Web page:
The Value of Personal Appearance

One of the greatest challenges of living a lifestyle of financial freedom is determining the exact value of personal appearance. How does one balance a desire for less expensive clothing and personal care items with the expectations of the culture that enables their income and personal lives?

On the one hand, many people who overspend are focused heavily on their appearance to others, often buying clothing and technology items in order to boost their appearance of affluence to others. Thus, the natural tendency for people trying to manage their spending is to drastically cut these costs, as expensive clothing can easily be functionally replaced by less expensive clothing or by reusing clothing more often.

On the other hand, a polished personal appearance is often vital to a person’s public persona, to their workplace situation, and also to their self-image. Many people cringe at the thought of not wearing designer clothes or having to wear outfits many times. Plus, a well-dressed appearance pays other financial benefits as well by creating a more positive general impression of yourself in the community. Others will have a higher opinion of you and you’ll subtly find yourself in better situations.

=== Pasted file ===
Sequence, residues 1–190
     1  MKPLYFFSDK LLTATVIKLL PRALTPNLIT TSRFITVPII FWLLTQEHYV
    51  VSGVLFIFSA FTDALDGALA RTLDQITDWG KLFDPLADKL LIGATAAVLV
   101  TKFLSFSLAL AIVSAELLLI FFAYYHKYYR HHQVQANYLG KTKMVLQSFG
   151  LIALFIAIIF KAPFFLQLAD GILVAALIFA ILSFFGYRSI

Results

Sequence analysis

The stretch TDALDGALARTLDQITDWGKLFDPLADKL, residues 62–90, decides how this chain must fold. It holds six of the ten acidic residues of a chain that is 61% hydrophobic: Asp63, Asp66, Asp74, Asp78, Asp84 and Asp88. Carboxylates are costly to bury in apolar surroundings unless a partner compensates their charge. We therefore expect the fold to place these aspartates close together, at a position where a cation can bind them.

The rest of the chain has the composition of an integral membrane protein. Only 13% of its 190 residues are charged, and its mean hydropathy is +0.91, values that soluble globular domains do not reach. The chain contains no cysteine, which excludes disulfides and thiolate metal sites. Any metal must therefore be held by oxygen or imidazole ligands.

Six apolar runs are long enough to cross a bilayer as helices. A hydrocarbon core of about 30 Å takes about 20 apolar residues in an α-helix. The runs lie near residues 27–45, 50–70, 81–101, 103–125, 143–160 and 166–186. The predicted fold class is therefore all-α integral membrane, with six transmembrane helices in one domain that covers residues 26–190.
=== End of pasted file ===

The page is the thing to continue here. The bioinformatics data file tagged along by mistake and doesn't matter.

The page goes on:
For me personally, this was a tricky balance, but it was one that I managed to figure out over time. The key was to make sure that I leveraged every inexpensive trick that I had, while also maximizing the utility of the expensive items. Here are seven tips on how to maximize the value of your personal appearance while trimming some fat and not hammering the credit cards as hard as you once did.

Take special care in cleaning yourself. I don’t mean buy expensive shampoos or such things; I simply mean take a few extra minutes to cleanse yourself thoroughly each morning. Take a thorough shower and clean yourself as much as you can. Use underarm deodorant as well. Cleaning yourself properly is the most valuable aspect of your personal appearance and it is also the least expensive, as there’s really no need for expensive shampoos or soaps in most cases.

Practice strong oral hygiene and use a strong mouthwash. Brush your teeth thoroughly at least twice a day; your breath is a key part of your appearance and “cover up” items such as Tic-Tacs often only work for a short while. It’s much better for your appearance to make sure your mouth is truly clean. For mouthwash, I recommend Listerine, but many people are hesitant to use it because of the extremely strong burning sensation it provides in the mouth. I also floss once a day, but this mostly serves to reduce dental bills.